A new study may concern night owls. It found that sleeping too little in middle age could increase the risk of dementia in later life, according to a New York Times article. The research involved  a large group of subjects: 8,000 adults in their 50s and 60s from Great Britain who were followed for 25 years. It found that “those who consistently reported sleeping six hours or less on an average weeknight were about 30 percent more likely than people who regularly got seven hours sleep (defined as “normal” sleep in the study) to be diagnosed with dementia nearly three decades later.” The study provides compelling evidence for ‘turning in early’ for better cognition as we age.



As we all know, data breaches now seem to be a daily occurrence. Two major breaches hit older adults especially hard. The first involved a website focused on seniors. Researchers from a tech service called WizCase discovered a faulty data server used by a site called SeniorAdvisor, which is “one of the largest senior care and service advisory and reviews sites in the U.S.” Essentially, WizCase’s researchers found that the site’s Amazon S3 (web service utilized by businesses to store consumer data) was left Open lock on circuit boardunencrypted. According to a piece by Komando.com, a scammer “…didn’t even need a username or password to access the storage location,“ which contained about 3 million senior citizens’ data that included “names, emails, phone numbers, dates contacted and more.”

A second breach could affect 100 million consumers of any age. According to news reports, hackers claim to have compromised T-Mobile’s consumer database. Reported a few days ago by Motherboard, T-Mobile’s servers were accessed, and a thief is selling the data on “an underground forum for 6 bitcoin, about $280,000. The trove includes not only names, phone numbers, and physical addresses but also more sensitive data like social security numbers, driver’s license information and… unique identifiers tied to each mobile device.” Motherboard confirmed that samples of the data “contained accurate information on T-Mobile customers.” More information on this reported breach can be found in this piece from Wired.com.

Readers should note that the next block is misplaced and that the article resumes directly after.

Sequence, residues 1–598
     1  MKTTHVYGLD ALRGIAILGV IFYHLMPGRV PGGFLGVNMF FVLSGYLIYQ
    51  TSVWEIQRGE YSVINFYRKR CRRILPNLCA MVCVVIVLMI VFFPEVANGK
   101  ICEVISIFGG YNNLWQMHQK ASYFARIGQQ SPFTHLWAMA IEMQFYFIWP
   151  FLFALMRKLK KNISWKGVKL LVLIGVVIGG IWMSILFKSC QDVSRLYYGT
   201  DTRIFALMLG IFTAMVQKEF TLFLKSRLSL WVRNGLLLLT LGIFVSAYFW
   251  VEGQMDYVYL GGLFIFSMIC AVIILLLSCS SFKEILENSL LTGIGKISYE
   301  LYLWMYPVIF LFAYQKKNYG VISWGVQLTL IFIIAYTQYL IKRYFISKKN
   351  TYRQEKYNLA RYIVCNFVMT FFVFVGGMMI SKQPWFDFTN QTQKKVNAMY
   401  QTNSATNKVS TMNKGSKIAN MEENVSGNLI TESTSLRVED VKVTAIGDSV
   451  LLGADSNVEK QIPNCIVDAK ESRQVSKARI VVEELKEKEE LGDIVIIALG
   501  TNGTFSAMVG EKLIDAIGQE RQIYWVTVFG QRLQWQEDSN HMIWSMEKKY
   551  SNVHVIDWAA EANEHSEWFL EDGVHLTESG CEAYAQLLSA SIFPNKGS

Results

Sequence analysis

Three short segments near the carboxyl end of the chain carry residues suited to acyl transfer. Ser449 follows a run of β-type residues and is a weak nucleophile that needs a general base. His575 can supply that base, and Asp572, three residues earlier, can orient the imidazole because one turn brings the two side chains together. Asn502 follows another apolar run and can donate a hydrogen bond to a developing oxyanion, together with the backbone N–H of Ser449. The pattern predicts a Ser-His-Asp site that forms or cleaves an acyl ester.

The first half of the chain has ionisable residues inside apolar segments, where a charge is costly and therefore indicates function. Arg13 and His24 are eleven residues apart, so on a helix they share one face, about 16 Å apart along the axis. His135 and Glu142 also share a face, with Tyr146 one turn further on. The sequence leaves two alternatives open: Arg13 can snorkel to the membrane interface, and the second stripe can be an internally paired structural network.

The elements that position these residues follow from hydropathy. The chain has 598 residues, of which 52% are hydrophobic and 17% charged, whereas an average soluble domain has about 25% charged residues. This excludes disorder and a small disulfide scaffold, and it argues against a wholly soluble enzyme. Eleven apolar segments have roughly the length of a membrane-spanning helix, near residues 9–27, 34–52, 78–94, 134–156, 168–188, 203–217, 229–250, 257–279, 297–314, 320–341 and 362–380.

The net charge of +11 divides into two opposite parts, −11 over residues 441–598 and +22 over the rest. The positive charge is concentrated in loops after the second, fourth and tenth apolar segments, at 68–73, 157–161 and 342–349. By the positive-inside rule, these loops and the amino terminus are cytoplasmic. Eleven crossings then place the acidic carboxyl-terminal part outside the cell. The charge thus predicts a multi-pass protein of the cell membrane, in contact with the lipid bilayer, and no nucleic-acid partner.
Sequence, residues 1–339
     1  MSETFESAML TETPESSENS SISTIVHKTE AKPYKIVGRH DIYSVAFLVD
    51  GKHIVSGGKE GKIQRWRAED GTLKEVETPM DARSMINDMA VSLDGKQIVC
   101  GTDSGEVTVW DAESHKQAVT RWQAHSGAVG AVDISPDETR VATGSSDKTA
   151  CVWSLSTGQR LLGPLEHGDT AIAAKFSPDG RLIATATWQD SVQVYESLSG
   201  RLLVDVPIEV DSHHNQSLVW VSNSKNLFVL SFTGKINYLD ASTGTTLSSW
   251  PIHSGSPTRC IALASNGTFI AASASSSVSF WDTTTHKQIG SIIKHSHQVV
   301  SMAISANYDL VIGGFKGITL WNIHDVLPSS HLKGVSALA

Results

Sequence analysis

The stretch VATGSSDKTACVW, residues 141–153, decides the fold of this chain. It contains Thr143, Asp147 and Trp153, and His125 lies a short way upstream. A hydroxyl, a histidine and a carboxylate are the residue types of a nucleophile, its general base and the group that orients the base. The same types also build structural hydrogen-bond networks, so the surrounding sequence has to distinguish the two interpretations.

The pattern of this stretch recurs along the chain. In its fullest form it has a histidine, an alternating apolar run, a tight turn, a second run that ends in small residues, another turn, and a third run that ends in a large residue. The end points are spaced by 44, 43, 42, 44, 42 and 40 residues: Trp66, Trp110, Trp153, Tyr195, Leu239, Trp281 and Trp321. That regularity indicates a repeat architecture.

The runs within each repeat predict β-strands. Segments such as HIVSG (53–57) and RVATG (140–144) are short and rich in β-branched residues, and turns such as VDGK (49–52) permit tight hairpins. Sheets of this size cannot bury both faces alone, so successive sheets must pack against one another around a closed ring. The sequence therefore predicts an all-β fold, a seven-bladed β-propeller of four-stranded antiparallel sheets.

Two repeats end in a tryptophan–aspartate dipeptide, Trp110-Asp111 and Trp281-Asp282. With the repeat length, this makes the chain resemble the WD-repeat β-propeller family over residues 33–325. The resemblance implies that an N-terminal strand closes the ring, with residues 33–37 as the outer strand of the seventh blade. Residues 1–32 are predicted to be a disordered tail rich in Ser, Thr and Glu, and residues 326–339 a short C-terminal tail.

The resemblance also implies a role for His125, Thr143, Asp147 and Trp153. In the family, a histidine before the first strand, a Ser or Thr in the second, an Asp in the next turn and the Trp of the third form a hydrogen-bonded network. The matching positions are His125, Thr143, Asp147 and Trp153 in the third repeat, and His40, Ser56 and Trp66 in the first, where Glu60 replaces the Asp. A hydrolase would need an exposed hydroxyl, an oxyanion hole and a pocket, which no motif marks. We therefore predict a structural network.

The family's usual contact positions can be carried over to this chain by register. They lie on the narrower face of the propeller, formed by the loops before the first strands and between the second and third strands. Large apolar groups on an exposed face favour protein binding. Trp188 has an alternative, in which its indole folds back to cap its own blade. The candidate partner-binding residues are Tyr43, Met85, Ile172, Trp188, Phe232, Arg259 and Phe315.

*** And remember, at EverSafe we believe in fighting fire with fire. Our fraud prevention technology scours the Dark Web daily so that you and your loved ones can stay ahead of scammers. If you believe you may have been affected by one of these breaches, or you have questions about them, just give us a call at 1-888-575-3837.

Friendship Across Generations Brings Joy


Here’s a story that will make you smile, from CBS news. A 99-year-old woman named Mary and a 2-year-old toddler named Benjamin are neighbors. Although they live next door to each other, Mary and Benjamin’s parents rarely saw each other before 99-year old with friend Benthe pandemic. Benjamin was just a baby when COVID hit the community. In the ensuing months, he spent a lot of time outside, learning to walk and talk. Mary would spend time in her front yard, watching Benjamin from the fence between their houses. The two formed an immediate friendship. “He would run over to Mary when he would see her in the yard and he would bring her a ball,” Benjamin’s mother said. “And she created this game that we call Ping Ball, where Benjamin brings her a ball and Mary reaches her cane over our fence, flips it over and kind of kicks it to Benjamin back and forth.” Friends of Mary had been concerned that she would be isolated and lonely without her usual visitors during the pandemic. But a 97-year age difference didn’t get in the way of this new friendship – even during a devastating virus. Enjoy the rest of your summer!